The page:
In a further sign of a lack of unity amongst protesters and a change in momentum, protesters in Anbar authorized the governor of the province, Ahmed Khalaf al-Dulaimi, and the chairman of the Anbar provincial council to negotiate with the government. The October 3 authorization was announced in a statementthat detailed the decision. According to the statement, the decision was taken after consultation with Anbar’s protesters, tribal notables, and religious scholars who desired to refute government claims that there “is not a clear side to negotiate with.” The statement also added that the governor and chairman were authorized because they are elected officials and because protesters are considerate of “civil peace.” Reflecting the seriousness of the effort, the statement urged other protesting provinces to take similar steps and negotiate with the government. On October 5, Governor Dulaimi met with Prime Minister Nouri al-Maliki and according to a press release from Maliki’s office, the prime minister stated that protesters demands will be fulfilled as long as they are “legitimate.” This statement is similar to previous announcements by Prime Minister Maliki and suggests that the negotiations are still at a very early stage. 
The negotiations effort was not accepted immediately by all Anbar protesters. Anbar has two major protest sites: a generally mainstream Ramadi protest camp, and more vocal hardline protest in Fallujah. With regard to the effort to negotiate with the government, Fallujah tribal leader Mohammed al-Bajari, who is a supporter of the protests, statedthat Dulaimi was not authorized to negotiate with the government. Bajari added that there have been attempts to “politicize” the protests and have one side influence them. This is likely reference to Mutahidun, which is headed by Council of Representatives (CoR) Speaker Osama al-Nujaifi and of which Dulaimi is a member. Nujaifi and Maliki have recently improved their relations, lending the negotiating effort more legitimacy.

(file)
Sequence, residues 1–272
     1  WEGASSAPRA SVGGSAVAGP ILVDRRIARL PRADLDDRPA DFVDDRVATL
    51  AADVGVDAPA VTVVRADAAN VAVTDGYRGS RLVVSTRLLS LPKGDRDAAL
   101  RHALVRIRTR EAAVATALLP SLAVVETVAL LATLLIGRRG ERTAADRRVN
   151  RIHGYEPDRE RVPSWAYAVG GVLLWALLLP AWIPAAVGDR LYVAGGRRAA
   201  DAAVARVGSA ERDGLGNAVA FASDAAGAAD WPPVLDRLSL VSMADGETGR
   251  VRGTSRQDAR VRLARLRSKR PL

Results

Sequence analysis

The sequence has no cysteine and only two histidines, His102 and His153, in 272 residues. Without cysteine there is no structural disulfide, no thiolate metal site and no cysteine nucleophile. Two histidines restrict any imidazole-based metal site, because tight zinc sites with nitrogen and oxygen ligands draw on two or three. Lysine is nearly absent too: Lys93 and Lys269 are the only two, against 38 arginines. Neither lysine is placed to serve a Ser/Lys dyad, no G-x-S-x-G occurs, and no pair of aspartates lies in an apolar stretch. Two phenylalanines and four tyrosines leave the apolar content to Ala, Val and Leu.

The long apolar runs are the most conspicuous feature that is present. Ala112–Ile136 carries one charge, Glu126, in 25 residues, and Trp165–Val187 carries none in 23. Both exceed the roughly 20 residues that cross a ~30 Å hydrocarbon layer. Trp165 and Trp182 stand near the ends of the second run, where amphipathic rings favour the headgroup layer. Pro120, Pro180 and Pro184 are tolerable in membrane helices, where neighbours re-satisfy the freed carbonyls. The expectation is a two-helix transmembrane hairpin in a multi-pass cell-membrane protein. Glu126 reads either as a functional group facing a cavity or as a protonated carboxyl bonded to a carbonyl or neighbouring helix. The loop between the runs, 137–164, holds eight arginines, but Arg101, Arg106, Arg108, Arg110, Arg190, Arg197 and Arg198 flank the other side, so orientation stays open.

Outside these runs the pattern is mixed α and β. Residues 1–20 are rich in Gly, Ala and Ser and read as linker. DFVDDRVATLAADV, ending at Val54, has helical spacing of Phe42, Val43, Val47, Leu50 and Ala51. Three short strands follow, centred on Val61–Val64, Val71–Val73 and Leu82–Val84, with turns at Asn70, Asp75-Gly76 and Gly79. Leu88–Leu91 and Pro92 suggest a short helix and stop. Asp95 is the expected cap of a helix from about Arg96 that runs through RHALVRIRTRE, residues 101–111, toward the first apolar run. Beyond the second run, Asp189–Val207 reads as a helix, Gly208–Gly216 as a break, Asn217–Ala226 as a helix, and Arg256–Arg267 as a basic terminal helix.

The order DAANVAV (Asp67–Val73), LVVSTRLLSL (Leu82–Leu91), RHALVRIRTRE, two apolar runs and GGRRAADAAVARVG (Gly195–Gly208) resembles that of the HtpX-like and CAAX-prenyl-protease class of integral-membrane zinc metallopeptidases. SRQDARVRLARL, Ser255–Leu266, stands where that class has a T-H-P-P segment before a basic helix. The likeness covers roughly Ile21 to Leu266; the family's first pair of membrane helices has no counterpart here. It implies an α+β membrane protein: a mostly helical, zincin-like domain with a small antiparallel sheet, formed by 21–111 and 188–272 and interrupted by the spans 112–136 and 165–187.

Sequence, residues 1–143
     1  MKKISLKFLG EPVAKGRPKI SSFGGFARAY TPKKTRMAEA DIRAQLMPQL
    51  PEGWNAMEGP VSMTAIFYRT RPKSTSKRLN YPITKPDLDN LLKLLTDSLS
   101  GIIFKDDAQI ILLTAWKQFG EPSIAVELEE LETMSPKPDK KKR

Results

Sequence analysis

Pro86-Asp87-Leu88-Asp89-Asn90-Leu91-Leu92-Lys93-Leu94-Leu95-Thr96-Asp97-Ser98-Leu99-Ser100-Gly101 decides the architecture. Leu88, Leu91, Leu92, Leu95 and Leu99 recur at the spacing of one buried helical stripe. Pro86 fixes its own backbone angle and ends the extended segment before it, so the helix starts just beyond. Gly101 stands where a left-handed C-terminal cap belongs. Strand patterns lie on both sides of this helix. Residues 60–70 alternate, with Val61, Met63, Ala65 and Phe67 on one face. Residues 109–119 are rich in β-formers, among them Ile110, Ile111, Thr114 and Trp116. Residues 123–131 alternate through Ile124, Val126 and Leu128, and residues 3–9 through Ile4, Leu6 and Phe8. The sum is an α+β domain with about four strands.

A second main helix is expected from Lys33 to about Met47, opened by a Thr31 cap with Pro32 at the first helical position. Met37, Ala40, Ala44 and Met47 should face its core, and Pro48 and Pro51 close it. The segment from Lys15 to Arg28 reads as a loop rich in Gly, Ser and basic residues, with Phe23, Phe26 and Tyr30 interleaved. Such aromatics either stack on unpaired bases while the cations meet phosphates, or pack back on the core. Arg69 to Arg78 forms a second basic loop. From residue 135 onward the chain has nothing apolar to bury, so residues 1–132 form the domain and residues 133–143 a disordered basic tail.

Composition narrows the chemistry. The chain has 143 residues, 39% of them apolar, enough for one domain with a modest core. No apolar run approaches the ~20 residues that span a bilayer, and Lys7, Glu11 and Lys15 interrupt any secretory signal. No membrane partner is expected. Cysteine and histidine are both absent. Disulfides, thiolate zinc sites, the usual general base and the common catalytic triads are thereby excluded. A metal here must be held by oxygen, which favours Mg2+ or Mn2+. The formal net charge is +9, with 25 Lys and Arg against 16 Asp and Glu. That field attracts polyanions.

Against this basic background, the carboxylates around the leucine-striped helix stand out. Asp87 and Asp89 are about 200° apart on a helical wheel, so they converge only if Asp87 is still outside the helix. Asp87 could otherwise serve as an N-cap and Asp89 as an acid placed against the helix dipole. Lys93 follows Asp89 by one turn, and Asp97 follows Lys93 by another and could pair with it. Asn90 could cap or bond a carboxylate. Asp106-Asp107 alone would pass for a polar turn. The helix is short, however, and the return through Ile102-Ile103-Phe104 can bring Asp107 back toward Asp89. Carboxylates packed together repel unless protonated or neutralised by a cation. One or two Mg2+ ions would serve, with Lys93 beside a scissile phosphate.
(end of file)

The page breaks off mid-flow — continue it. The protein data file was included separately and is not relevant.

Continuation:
Shortly after the authorization was announced, two stun grenades targetedprotest sites in Ramadi and Fallujah. These attacks are further signs that protesters are divided with regards to negotiations. Protest organizer Ghassan al-Ithawi did not name the group that attacked the protest sites. Ithawi instead attributedtheir actions to the desire to “convey a message to those sitting-in that it is against the principle of negotiations with the government”. Ithawi added that the attackers used the attacks in order to protract the tensions with the federal government. 

The step by Anbar’s provincial council to negotiate is important for several reasons. First, the anti-government protests started in Anbar, and thus the decision to enter into negotiations could encourage other provinces to do the same. To that end, Mutahidun CoR member Wihda al-Jumaili calledon other protesting provinces to name negotiators with the government. Jumaili reasoned that local governments are “representative of all protesters” and can therefore attain legitimacy when negotiating with the federal government.

The June 20 provincial elections in Ninewa and Anbar have changedthe protests’ dynamic. Prior to the elections, it was common for local politicians and community leaders to appear at the protest sites and rally the base. This type of visit has occurred less frequently since the conclusion of the elections.  Politicians clearly used appeals to Iraqi Sunni protesters as a political instrument, and they likely do not view them as useful any longer. Dulaimi was likely selected as a negotiator due to his supportto the protest movement. Dulaimi’s already-established credibility as part of the protests will be enhanced by cooperating with Maliki, but it will be damaged if he is unable to deliver.